By Luis Carlos Díaz
On February 12th, violent protests in Caracas led to the deaths of three people. Eyewitnesses sent video footage and photographs to the newspaper Ultimas Noticias, which then published them online. The footage shows both security forces in uniform and people dressed in civilian clothing opening fire on protesters, quite a different account than the one presented by official media. As with Ukraine and other countries in conflict, social media and citizen journalism is playing a crucial role in getting the truth out.
Protests began in Venezuela on February 4th after student demands met with heavy-handed repression. University students from Táchira called for greater security on campus after the attempted rape of a female student. Several young people were arrested during the initial demonstrations, and unrest spread to the country’s main cities, leading to a further clampdown from authorities. One of the more radical groups opposing President Maduro's government joined the wave of discontent and called for Maduro’s resignation. Opposition politician Leopoldo López was arrested on 18 February, accused of fueling protests and charged with instigating violence.
As of March 8th, the conflict has led to the deaths of 20 people, 2,382 reported injuries and the arrest of more than 1,250 protesters and activists. From the beginning, there has been a marked absence of media coverage and many Venezuelans have been left largely uninformed about what has been taking place in their country.
But, for many with internet access, citizen media has filled the gap. Venezuela, with a population of 29 million people, is estimated to have more than 12 million internet users: 10.5 million of them have a Facebook account and between 3 to 4 million are active on Twitter. It has been the main means of communication, and users have been able to respond quickly to rapidly changing events. Global Voices Advocacy journalist and lawyer Marianne Diaz appealed to Twitter users to report instances of censorship on Herdict, which collects information about web censorship in real time. Twitter has been an invaluable source of video footage, photographs, opinion, humor – as well as huge amounts of unsorted and miscellaneous data.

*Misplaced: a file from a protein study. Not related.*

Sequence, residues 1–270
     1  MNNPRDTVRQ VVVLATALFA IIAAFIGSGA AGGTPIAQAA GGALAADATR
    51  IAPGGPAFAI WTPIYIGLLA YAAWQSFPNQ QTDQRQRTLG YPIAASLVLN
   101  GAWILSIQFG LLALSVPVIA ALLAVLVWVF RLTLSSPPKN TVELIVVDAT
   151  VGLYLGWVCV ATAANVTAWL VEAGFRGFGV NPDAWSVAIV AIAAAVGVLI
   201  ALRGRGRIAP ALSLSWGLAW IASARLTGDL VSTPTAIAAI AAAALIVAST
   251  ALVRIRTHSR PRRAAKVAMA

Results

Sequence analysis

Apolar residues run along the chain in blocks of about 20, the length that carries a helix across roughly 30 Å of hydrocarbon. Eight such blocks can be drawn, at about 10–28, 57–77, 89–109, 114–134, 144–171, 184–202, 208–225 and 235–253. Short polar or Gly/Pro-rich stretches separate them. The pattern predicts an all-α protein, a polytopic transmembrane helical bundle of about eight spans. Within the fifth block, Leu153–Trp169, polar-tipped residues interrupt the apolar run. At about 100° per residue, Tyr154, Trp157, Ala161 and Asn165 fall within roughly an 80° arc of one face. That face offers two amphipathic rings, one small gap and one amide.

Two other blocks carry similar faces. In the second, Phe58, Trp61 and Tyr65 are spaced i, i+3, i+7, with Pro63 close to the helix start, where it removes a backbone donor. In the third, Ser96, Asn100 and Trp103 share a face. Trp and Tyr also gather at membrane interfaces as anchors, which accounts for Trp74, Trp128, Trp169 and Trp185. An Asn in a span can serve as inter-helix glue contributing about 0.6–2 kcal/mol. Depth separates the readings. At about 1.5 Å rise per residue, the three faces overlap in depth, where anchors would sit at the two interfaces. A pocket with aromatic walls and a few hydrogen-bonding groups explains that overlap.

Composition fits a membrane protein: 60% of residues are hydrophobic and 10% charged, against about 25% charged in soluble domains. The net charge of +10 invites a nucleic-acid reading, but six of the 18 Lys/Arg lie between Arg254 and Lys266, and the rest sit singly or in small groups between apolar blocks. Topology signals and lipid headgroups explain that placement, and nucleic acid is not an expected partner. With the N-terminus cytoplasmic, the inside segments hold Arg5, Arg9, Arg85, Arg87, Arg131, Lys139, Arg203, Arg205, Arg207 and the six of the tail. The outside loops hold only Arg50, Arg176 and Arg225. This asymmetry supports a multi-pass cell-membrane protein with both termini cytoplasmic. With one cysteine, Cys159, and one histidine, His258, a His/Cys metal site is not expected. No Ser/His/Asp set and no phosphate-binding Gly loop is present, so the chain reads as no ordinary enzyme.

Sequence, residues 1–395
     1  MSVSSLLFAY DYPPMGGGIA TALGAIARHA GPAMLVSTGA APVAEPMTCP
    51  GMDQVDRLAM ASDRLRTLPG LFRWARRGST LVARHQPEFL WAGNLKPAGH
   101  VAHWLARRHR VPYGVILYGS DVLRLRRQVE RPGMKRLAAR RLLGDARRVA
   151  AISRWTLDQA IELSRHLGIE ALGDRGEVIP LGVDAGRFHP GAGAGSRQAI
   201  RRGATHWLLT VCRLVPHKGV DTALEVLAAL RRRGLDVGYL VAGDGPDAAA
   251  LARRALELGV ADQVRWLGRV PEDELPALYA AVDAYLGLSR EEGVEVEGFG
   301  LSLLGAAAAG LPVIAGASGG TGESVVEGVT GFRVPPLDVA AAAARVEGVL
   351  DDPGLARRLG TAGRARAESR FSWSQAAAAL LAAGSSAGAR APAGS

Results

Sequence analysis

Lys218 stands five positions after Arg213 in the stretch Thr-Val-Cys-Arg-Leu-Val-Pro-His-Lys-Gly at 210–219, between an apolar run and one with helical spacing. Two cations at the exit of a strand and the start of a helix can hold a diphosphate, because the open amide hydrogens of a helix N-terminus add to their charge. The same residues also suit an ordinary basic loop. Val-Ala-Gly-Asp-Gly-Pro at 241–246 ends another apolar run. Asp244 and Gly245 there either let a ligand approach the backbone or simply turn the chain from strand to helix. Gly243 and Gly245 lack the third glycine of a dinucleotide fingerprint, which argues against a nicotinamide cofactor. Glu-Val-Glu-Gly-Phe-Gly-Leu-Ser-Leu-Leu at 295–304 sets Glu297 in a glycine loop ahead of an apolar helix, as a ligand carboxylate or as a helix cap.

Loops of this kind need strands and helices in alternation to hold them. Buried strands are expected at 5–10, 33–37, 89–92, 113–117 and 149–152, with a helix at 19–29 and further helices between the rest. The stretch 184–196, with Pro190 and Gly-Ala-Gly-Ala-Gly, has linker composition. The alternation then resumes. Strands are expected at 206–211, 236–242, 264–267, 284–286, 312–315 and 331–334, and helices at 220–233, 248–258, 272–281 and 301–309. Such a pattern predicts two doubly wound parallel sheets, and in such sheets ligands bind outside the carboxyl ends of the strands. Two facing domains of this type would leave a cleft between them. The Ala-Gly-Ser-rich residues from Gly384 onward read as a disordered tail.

During the first days of the protests, the official telecommunication agency, Conatel, warned radio and television channels not to broadcast coverage of the protests in an effort to prevent them spreading. The state-owned, government-controlled broadcast media produced biased accounts of events; privately-owned media largely practiced self-censorship. Colombian cable television network NTN24 was taken off air on February 12th following its coverage of events. Opposition voices remained unheard, even on programs that were supposed to offer opinion and commentary, and protests were only shown on the news to cast opposition figures and protesters in a negative light, portraying them as violent. On February 21st, there were reports that the internet in Táchira had been blocked. There were also reports of electricity blackouts.
The print press continues to suffer from a paper shortage, resulting in the operational closure of many newspapers across the country and a reduction in the number of pages printed in the main newspapers. At any rate, the publishing cycle of a daily newspaper is insufficient and cannot provide adequate coverage of what is happening in every city, minute by minute.
“Info-citizens” Report the News